News From Terre Haute, Indiana

Opinion

May 10, 2014

Editorial: Leave 17th Amendment alone, let voters do their jobs

Zoeller’s idea not right for Indiana

TERRE HAUTE — It goes without saying that members of the Indiana General Assembly are empowered to make state-based decisions affecting Hoosier citizens.

But should those same legislators usurp the 101-year-old authority of the state’s voters and be the sole body to select the candidates who would run against each other for the position of U.S. senator?

Should the General Assembly pick and choose which Republican and which Democrat should run for U.S. senator in the General Election, taking that nominating choice away from voters?

If you say yes to that proposition, you agree with Indiana Attorney General Greg Zoeller, who late last month told a northern Indiana newspaper that he believes the legislature should select U.S. Senate candidates and then still allow voters to choose between the nominees. The difference is that voters would not choose the nominees for each party.

That, it seems to us, would effectively replace a primary election for U.S. senator, in which Republican A is elected over Republican B and Democrat C is elected over Democrat D. You know, the way most elections work.

Zoeller, as have other conservatives across the country, advocates a so-called “soft repeal” of the 17th Amendment to the U.S. Constitution — an alteration to the original document, which was declared adopted by Secretary of State William Jennings Bryant in 1913 after the necessary two-thirds of the states had ratified the measure.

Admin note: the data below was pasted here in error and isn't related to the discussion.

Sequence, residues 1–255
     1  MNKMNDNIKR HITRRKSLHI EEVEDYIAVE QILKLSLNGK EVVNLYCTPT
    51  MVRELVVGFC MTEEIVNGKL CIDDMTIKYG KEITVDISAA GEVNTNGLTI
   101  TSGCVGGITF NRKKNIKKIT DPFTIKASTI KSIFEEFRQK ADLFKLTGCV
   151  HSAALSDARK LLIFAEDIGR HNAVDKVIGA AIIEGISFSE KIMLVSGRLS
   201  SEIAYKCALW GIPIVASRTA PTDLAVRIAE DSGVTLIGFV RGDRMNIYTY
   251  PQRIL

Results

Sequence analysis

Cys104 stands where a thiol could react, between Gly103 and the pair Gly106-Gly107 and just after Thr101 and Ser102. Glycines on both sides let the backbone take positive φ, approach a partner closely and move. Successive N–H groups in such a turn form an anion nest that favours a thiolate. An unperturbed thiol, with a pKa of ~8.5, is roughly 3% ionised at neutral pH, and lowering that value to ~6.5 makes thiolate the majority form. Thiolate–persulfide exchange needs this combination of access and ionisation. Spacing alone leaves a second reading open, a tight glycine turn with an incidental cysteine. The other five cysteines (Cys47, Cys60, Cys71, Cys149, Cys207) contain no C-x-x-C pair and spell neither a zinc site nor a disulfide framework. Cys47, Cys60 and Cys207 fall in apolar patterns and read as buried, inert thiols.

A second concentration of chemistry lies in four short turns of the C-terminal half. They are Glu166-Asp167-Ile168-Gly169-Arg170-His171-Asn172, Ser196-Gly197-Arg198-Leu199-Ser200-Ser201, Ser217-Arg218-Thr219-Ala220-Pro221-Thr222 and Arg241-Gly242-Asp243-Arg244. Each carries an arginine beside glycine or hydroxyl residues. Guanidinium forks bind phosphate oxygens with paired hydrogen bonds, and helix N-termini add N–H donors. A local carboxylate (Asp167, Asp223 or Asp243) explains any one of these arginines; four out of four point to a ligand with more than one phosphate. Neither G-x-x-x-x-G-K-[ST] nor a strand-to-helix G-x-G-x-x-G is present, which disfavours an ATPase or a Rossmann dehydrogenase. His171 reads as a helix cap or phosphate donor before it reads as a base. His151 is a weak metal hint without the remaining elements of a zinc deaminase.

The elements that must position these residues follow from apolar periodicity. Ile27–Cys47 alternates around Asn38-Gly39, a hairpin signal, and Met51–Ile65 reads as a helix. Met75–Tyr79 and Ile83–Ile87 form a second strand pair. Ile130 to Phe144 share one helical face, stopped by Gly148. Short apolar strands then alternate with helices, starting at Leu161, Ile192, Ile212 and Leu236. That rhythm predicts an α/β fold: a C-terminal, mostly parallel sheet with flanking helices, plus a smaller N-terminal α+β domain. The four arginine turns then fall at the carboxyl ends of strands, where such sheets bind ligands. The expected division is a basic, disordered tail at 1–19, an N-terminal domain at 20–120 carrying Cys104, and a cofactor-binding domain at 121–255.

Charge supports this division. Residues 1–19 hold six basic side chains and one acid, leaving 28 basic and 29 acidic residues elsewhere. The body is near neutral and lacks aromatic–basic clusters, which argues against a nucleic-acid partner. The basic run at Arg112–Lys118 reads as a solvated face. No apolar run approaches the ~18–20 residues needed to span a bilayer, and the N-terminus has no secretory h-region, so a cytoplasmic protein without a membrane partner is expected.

(Indiana was the 24th state to have ratified, Illinois the 21st, just six days earlier in February 1913. Only two states rejected the change.)

The 17th Amendment establishes the direct election of U.S. senators by popular vote in each state. The original Constitution called for senators to be chosen by state legislatures.

The argument Zoeller advances, as he told the Times of Northwest Indiana, is that U.S. senators would be more accountable. “If they (senators) have to come back ... and get renominated each six-year cycle, they’ll be less likely to pass statutes that stuck it to the states.”

But, of course, senators already have to meet that test of accountability every six years. It’s called standing for re-election, justifying one’s record to the voters, running in a primary and defeating one’s opponents.

By and large, that works well in doing the will of the electorate.

Even when the electorate chooses poorly, idealistically at least, it is the people’s choice. We fear that a process of state legislators selecting candidates would infuse only more political and lobbying influence into the process.  

Our electoral process can always be improved, but the model of voters selecting candidates to run against each other is better than the one Zoeller curiously espouses. He has deserved citizen support for several of his actions in the time he has been in office, but this is one that the public should reject.

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